Meanwhile, the €310m merger of Eurazeo and Idinvest Partners in February this year created a new force in the GP world with €15bn in assets under management and showcases some positive outcomes from manager pair-ups. The deal was completed on the premise that a strong capital base and diversified LP base are key for growth, and with internationalisation as an over-arching theme associated with the merger. Historically, Idinvest's LP base has been predominantly French, with some European and a few international investors.
With the backing of Eurazeo, Idinvest strategically hoped to gain credibility through getting a more diversified LP base on board.


Gaining traction

The slew of activity among GPs in recent months gained traction late last year. In November 2017, investment firm Green Arrow Capital wholly acquired Italian GP Quadrivio Capital. The investment formed part of Green Arrow Capital's plan to diversify its portfolio of alternative assets across Europe.

Most recently, French asset manager Natixis Investment Managers acquired European private credit specialist MV Credit Partners in June. A month earlier, in a deal with similar strategic rationale, hybrid equity and debt fund manager ESO Capital bought lower-mid-market growth capital investor Core Capital. The consolidated group, which had previously worked on deals together, intended to offer a broader range of hybrid capital products ranging from senior debt to equity.

"The merger was driven by a motivation to achieve scale by investing across the capital structure, ranging from senior debt to senior equity," says ESO founding partner Stephen Edwards.

"LPs are looking for fund management businesses that can scale in an increasingly sophisticated market. Those who can play the risk scale want to see proof of ability to deliver across strategies and, through the natural evolution of the private equity industry beginning in the early 1990s, there is now enough data to separate the profitable players from the pack," says ESO founding partner Alex Schmid.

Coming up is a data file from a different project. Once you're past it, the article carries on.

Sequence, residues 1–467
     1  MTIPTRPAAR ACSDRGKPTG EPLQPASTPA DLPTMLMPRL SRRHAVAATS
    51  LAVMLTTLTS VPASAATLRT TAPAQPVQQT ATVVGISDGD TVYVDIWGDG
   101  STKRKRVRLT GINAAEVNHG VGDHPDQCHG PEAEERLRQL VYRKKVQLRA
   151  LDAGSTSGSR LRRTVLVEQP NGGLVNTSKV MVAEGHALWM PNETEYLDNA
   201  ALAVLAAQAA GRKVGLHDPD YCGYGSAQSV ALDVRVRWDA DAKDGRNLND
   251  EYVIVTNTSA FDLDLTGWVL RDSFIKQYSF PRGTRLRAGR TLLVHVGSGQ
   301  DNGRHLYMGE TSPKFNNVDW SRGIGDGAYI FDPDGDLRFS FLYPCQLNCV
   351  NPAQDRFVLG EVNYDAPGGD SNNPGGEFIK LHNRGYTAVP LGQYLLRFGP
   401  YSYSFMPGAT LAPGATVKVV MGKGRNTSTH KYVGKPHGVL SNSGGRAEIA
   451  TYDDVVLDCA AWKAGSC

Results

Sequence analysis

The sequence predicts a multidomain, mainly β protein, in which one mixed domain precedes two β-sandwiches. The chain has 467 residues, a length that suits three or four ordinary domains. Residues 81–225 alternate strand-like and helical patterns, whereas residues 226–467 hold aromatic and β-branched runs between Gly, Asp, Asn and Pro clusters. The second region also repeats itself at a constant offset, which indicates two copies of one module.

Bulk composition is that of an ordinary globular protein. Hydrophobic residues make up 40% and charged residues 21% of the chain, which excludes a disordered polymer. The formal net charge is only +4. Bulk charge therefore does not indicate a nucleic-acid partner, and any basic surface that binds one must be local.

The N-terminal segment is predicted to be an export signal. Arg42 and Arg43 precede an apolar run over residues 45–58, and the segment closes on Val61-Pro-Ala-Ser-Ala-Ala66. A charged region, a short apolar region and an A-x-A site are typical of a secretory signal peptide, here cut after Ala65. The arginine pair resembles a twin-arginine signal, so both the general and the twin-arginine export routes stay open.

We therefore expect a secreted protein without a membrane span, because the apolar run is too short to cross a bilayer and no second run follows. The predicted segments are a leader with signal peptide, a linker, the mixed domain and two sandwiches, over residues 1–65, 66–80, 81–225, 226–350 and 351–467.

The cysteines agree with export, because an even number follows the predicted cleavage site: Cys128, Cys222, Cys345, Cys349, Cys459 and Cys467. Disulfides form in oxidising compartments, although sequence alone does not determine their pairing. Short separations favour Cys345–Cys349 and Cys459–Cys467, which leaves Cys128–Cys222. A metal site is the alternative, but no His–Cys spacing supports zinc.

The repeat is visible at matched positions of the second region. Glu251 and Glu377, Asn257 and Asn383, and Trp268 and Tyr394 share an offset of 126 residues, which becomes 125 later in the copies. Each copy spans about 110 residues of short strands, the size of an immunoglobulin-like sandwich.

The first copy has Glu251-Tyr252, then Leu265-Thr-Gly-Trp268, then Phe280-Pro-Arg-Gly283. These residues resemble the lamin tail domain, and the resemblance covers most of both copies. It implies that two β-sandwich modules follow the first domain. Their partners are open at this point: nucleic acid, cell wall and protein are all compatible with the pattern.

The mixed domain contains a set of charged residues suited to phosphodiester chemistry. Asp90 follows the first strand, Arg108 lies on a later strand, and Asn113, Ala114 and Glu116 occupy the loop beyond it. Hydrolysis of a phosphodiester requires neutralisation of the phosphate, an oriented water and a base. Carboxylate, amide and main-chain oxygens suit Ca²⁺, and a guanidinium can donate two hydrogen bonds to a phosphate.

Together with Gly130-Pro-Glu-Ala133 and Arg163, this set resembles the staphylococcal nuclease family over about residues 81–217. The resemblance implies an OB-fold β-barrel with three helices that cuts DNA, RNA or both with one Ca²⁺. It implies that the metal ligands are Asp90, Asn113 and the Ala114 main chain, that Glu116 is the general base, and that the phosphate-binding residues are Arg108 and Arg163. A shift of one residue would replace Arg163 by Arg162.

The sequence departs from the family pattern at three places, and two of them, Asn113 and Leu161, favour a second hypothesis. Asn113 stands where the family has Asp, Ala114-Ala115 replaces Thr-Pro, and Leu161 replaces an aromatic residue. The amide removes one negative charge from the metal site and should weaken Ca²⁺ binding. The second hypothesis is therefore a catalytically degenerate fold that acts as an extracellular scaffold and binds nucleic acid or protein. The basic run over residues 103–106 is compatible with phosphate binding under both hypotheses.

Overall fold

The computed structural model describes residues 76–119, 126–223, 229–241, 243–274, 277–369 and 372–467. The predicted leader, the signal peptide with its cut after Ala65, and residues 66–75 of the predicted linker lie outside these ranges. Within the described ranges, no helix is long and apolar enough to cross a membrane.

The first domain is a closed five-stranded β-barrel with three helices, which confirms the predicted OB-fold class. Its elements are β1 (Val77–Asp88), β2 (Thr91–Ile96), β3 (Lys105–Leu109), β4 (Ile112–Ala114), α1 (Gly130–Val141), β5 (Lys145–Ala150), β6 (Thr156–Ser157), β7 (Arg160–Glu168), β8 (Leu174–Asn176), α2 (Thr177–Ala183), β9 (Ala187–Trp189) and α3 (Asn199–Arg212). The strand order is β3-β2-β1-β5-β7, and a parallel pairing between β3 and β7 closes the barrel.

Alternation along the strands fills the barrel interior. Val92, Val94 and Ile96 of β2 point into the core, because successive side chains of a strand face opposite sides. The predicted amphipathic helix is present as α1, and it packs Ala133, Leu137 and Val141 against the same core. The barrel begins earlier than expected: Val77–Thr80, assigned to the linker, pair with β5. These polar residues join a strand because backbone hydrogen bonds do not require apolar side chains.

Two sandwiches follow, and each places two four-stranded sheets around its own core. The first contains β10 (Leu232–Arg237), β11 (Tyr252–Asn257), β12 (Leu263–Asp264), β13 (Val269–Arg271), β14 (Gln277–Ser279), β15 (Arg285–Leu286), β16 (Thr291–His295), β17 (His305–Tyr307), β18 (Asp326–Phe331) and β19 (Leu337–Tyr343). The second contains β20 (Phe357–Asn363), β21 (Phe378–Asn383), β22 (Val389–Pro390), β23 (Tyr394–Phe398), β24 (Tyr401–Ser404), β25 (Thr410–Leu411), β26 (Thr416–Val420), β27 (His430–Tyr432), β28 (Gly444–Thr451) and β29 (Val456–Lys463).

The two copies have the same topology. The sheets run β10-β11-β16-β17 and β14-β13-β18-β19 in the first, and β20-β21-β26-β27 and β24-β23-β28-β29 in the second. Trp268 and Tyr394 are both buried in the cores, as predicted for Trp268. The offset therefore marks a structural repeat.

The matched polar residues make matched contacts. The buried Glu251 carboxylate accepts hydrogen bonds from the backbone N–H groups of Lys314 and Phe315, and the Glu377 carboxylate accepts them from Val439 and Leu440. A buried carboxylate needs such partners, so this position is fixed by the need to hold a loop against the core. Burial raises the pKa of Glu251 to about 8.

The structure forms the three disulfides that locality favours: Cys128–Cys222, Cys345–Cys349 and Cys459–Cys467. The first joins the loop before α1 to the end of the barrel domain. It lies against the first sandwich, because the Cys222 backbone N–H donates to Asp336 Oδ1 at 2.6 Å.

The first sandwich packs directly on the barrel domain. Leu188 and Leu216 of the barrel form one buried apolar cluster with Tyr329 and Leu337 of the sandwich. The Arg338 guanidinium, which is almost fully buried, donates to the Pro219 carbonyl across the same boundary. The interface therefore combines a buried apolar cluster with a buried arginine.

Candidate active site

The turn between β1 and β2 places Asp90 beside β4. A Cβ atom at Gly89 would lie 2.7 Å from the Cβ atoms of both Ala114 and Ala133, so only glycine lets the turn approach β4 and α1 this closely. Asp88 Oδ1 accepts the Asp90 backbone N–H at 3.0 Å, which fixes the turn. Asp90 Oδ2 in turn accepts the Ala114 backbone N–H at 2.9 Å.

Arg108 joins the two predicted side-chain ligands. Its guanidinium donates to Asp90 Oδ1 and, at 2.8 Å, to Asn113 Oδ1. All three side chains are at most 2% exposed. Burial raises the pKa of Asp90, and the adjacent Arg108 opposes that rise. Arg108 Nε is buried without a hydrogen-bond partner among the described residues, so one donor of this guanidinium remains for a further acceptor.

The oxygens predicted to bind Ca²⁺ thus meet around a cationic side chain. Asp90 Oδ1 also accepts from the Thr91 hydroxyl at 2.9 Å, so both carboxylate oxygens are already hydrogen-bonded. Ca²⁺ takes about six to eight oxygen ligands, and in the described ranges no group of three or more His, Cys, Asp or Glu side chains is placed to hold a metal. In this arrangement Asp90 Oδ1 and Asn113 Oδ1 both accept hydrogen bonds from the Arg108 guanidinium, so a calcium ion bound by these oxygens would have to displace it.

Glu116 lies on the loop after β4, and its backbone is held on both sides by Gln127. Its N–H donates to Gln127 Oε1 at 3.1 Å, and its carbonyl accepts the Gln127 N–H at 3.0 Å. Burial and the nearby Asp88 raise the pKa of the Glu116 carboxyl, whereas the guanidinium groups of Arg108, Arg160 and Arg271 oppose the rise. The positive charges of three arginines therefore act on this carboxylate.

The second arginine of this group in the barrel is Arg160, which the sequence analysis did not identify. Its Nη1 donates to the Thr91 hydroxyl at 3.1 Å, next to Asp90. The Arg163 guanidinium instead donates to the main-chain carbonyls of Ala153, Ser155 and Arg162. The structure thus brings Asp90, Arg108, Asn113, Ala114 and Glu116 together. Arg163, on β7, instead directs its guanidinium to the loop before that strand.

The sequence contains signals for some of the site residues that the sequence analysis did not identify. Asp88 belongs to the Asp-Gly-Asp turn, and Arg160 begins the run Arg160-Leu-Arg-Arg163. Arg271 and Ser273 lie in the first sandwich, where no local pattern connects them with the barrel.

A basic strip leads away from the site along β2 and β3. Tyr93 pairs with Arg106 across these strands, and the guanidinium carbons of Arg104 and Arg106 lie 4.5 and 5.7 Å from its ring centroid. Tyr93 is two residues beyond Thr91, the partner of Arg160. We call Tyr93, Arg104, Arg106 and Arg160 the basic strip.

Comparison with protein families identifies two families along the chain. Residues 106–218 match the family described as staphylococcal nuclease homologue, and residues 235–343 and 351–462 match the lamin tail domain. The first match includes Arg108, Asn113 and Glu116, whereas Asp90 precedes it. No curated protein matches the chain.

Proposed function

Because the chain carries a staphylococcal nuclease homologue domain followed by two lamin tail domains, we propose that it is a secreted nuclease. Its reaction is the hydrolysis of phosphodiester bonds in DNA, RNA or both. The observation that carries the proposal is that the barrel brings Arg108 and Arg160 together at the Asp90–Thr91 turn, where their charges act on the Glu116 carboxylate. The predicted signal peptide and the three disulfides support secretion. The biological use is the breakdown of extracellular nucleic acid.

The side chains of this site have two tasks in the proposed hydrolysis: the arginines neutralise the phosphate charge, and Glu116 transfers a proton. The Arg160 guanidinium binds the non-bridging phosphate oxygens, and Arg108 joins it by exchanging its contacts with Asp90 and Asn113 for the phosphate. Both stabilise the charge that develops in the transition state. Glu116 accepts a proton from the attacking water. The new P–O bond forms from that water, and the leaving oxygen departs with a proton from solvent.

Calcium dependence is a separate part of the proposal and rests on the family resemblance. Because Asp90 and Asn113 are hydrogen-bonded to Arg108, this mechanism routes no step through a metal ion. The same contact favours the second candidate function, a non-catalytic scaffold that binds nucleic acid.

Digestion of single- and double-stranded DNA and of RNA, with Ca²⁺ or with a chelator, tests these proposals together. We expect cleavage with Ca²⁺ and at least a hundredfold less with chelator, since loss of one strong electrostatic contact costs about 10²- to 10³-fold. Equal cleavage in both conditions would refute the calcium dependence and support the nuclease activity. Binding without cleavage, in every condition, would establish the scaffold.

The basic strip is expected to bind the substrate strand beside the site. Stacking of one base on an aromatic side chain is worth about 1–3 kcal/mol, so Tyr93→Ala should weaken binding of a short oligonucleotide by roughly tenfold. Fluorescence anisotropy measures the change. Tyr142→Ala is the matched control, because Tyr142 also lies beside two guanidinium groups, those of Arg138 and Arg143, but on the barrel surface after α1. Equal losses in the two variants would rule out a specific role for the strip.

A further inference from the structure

Satellite strategies such as ESO's do not shy away from offering a range of products and services including distressed deal packages. An underlying demand for capital continues to fuel the private equity industry, and there is appetite for flexible approaches that can offer both equity and debt funding.

While merger activity among GPs has spiked, data by Triago also indicates a hike in GPs selling minority stakes. One third of all deals since 2005 have been minority transactions, and more than 90% of these have been motivated by strategic and business development goals, according to Triago's white paper. A first wave of minority stake transactions arose in 2007-2008 and was spearheaded by Asian and Middle Eastern sovereign wealth funds, such as CIC and ADIA, but also large family offices. These buyers acquired strategic minority interests from flagship managers such as Carlyle, Blackstone and Apollo.

 

"LPs are looking for fund management businesses that can scale in an increasingly sophisticated market" - Alex Schmid, ESO Capital

 

More recently, other institutions have also sought to invest, which has prompted major players, including Goldman Sachs, Blackstone, Neuberger Berman and AlpInvest, to raise minority stake funds to tap a new market. These specialised GP stake vehicles have been actively seeking to invest in a maturing market – and offer innovative investment opportunities for LPs. Originally conceived in the hedge fund world, the minority stake funds have trickled into the private equity sphere and, by Triago's account, GP stake funds have contributed around 70% of all minority transactions since 2015.